Yesterday I sat by a pond to eat my lunch. A particularly peaceful spot, there were some koi carp circling the pond’s perimeter.
As I sat in in quite contemplation munching on my pasta and vegetables, a surprising thing happened. A fish swam around the pond and, when it reached the point at where I was sat, did a quick roll onto its side and darted off.
At first I thought this was just a one off, until two other fish followed suit in a game-like fashion. I realised that this was probably what they did to attract the attention of potential feeders standing nearby.
I had no suitable food to offer them, but the event brought my lunchtime to life, and my solitary contemplation was suddenly blessed by an impromptu relationship; a surprise connection with some hungry fish.
What struck me was their apparent awareness of my presence and inclination to perform this display. Now, I’m sure someone far more intelligent than I will explain that this is a learned behaviour of association and fish aren’t conscious of such individual interactions, but either way, the connection between our two species, in this moment, whatever scientific form it may have taken, was very real.
My thoughts took a turn to the interconnectivity of life, to the way in which life is always complemented by relationships. In a way, we are never alone, never living an individualistic existence, no matter how much we may try, or disconnected we may feel.
In essence, the ‘I’ doesn’t exist. If you look around there is always a ‘we’, no matter what, be it someone near you, the sound of a bird singing in a tree, or indeed a fish joining you for lunch.
When we consider life to be an individual pursuit of survival, happiness and success, it is easy to cast a blanket of pointlessness over everything we do and label life as meaningless.
Without knowing what is beyond our present consciousness, we must accept that each one of us is just a conglomeration of atoms making up a very small part of a much bigger picture. It doesn’t matter to Mother Nature which physical body her energy manifests itself within. The host is irrelevant. She requires only that it exists. Human or fish, life is random in this way, a birth lottery. It is indifferent. In the eyes of Mother Nature, we are all part of the same interdependent cycle.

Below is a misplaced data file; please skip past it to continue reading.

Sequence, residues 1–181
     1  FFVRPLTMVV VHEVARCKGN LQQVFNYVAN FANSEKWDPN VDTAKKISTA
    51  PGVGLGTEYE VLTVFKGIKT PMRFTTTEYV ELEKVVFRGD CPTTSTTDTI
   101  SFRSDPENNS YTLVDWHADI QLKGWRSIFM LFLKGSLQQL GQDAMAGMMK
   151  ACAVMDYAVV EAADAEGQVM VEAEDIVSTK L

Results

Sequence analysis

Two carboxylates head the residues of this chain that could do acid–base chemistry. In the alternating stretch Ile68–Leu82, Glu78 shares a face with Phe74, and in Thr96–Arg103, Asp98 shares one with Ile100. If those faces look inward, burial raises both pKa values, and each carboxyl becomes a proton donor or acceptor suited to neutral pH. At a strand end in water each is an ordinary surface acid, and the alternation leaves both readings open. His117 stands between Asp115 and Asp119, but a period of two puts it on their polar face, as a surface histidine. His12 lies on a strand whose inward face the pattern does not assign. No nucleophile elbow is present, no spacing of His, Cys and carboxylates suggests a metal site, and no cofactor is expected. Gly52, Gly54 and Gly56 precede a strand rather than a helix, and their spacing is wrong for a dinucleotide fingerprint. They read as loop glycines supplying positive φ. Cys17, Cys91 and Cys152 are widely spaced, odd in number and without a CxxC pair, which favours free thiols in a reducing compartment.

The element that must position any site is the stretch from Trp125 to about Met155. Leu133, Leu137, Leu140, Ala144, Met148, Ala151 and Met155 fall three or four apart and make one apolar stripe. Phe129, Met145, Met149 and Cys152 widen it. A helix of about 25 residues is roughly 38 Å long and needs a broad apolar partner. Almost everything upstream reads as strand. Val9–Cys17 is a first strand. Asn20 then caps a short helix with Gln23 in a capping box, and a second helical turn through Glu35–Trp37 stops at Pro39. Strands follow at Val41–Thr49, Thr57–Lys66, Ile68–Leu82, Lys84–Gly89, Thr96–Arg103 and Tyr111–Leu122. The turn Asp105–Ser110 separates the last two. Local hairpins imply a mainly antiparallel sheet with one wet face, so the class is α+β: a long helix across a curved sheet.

Yet we defiantly choose to look at the individual picture, identifying and categorising by status, colour, religion, political persuasion, etc. Mother Nature, on the other hand, looks at the bigger picture: that every life source is an equally valid contributor to her perpetual cycle of life. Every source of energy has its rightful place, regardless of gender, demographic data or species.
My encounter with the fish reminded me that existence is always relational, and this is what gives it beautiful meaning. Look around and you will see that everything is in a relationship with something else. From the galaxies and solar systems to the sub-atomic structure of matter, everything is interacting, supporting, facilitating and co-operating.
And so it becomes clear that to individualise one’s existence in an attempt to create greater individual meaning (success) is a vacuous pursuit that works against the very principle of the universe.
When life is seen in this way, the mind is freed from individual suffering and a collective consciousness is awakened within. An energy arises that brings us closer together, enabling us to share our resources and create a better existence for all. We are reminded that we are all experiencing the same obstacles, fears and insecurities. And when shared, these things are far easier to cope with.
If we look at life through the lens of Mother Nature, through the eyes of one consciousness, the individual experience dissipates and is replaced by a higher collective experience that binds everything together.
When we see the world in this way, life begins to shift the focus from the “I” to the “we”, to the bigger picture. The bigger picture is a liberating realisation that lifts the weight from the shoulders of the internal individual battle and allows us to connect with the wider consciousness that exists outside of the ego.
And so we see that the individual existence we perceive is not pointless because it has no meaning, but valuable because it makes a contribution to life that lives on in everything else when comes to pass.
So what else is there to do but to submit to Mother Nature and live life through her lens of truth, which is encouraging us to reach out and connect with each other, to share good fortune, to lend a hand, to enjoy happiness collectively and work towards being the best that “we”, not “I”, can be.
All this from an encounter with fish. Such is the wonder of nature.